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Yale’s new Assure Lock 2 Series smart locks can be controlled via Bluetooth or Wi-Fi. The Assure Lock 2 also supports Matter, the upcoming smart-home protocol. Matter aims to provide compatibility with various home automation standards such as Alexa and Google Home. Loading Something is loading.
Lock manufacturer Yale has announced its next generation of smart locks, the Assure Lock 2. In addition to Bluetooth and Wi-Fi, the Assure Lock 2 series is also one of the first products to support Matter, the upcoming internet-connected smart-home protocol that is being launched. acquired by Amazon, Apple, Google, Samsung and many others.
Matter promises to bring interoperability to all competing smart home technologies. That means all Matter-enabled devices support every platform you use, be it Amazon Alexa, Google Home, Apple HomeKit, Samsung SmartThings, and others.
Some existing products may also receive software updates to make them compatible with Matter. For example, Apple recently updated the Apple TV with tvOS 16, adding Matter support to the TV streaming device. The previous version of Assure Lock also supports Matter.
Yale’s second-generation Assure Lock 2 smart lock is smaller and sleeker. In addition to Bluetooth and Wi-Fi, it will also support Matter via an optional module. Matter is the emerging standard for home automation that adds interoperability between competing standards.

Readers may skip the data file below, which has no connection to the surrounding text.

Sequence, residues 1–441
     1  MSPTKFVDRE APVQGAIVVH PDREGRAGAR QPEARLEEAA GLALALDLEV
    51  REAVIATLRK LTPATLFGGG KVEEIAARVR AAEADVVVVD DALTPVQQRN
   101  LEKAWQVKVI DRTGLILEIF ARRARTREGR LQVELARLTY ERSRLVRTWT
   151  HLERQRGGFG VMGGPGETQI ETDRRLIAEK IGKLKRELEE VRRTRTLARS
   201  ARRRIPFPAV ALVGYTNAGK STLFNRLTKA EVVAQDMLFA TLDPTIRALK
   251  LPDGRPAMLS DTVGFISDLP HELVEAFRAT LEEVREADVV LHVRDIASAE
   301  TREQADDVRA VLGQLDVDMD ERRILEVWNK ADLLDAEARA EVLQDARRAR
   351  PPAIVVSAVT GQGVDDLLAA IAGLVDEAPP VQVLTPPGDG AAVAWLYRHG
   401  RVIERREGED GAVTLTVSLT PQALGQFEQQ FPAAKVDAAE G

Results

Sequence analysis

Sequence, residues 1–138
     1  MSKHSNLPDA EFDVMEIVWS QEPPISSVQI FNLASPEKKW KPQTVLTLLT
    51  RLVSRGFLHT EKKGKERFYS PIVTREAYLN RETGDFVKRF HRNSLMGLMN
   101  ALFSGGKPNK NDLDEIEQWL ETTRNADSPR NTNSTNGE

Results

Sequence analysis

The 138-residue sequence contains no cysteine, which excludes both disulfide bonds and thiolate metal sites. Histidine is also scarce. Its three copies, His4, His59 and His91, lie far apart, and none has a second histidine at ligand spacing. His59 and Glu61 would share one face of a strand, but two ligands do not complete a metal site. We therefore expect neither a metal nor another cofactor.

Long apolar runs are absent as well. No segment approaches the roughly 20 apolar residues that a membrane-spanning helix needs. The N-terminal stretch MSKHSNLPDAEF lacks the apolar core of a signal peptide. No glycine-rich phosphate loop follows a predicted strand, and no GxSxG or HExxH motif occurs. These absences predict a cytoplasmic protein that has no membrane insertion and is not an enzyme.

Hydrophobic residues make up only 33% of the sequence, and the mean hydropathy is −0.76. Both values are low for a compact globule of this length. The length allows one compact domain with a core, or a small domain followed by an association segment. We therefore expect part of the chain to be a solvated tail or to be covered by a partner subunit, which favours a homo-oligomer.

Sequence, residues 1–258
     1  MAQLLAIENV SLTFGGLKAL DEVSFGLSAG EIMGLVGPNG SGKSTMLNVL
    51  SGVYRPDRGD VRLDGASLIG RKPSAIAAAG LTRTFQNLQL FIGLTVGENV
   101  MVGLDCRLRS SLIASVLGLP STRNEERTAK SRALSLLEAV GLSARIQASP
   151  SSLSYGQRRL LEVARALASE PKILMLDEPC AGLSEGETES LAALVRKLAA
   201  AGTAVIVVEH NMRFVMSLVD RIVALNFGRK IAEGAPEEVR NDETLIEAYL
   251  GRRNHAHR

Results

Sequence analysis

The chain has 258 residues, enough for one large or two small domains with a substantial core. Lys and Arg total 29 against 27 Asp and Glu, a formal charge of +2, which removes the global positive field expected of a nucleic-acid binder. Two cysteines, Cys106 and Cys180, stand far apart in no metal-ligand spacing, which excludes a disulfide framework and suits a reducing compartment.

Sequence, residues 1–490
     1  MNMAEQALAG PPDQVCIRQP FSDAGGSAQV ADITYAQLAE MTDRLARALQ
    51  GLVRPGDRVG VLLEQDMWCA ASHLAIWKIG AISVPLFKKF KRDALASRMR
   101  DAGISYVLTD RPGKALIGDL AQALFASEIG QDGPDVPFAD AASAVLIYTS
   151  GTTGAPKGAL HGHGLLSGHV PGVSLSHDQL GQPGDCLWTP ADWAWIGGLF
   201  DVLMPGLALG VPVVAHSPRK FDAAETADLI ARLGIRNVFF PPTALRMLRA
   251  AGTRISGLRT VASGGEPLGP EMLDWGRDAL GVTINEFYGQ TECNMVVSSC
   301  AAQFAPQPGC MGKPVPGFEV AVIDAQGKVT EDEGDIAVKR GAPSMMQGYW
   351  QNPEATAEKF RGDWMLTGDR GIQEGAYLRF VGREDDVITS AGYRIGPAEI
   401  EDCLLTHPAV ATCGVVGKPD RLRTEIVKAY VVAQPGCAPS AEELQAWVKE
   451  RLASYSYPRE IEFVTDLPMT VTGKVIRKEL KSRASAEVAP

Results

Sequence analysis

The Yale Assure 2 lock can be operated remotely, allowing a homeowner, for example, to give a dog walker or guests access when they are away. Yalea
Assure Lock 2 provides keyless access via a phone, Apple Watch, or the built-in digital keyboard. When connected via Wi-Fi, it also enables remote unlocking and notifications via the Yale Access smartphone app or a voice assistant (Alexa, Google and Siri) – ideal for early arriving guests, for example. The previous generation required a separate standalone device for Wi-Fi, but Assure Lock 2 can be purchased with or without a Wi-Fi module.
The Assure Lock 2 is also smaller and has a more modern design compared to its predecessor, which Yale’s Jason Williams, the president of US Smart Residential at Assa Abloy (Yale’s parent), described as “not very sexy.”
In a demonstration, Yale showed us that installation is as easy as any house lock. Yale says the Assure Lock 2 is a better fit for doors and holes of varying thickness and size. Power is supplied by replaceable AA batteries and the lock is available in three finishes: black, bronze and nickel.
The Yale Assure Lock 2 smart lock comes as a keyboard or touchscreen model and with or without a key. Yale/Insider
At launch, the Assure Lock 2 will be available in two versions: one that supports Bluetooth and Apple HomeKit ($180 for a keyless or keyless touchscreen model, and $160 for a model with a keyed or keyless physical keyboard), and another that supports wifi. Fi ($260 for key-in/keyless touchscreen and $240 for key-in/keyless keyboard) – all models support Bluetooth and HomeKit as standard.
A version that supports the Z-Wave home automation protocol is coming soon ($210 for key-in/keyless touchscreen and $190 for key-in/keyless keyboard). The locks are available at Yale and retailers such as Best Buy, The Home Depot, Lowe’s and Amazon.
While the Assure Lock 2 is one of the first Matter-compatible devices, availability will depend on when Matter is ratified. But users can add it on the go via the Matter Smart Module ($80). Users can also add the Wi-Fi Smart Module ($80) separately. The good news is that both modules are compatible with the previous Assure slot.
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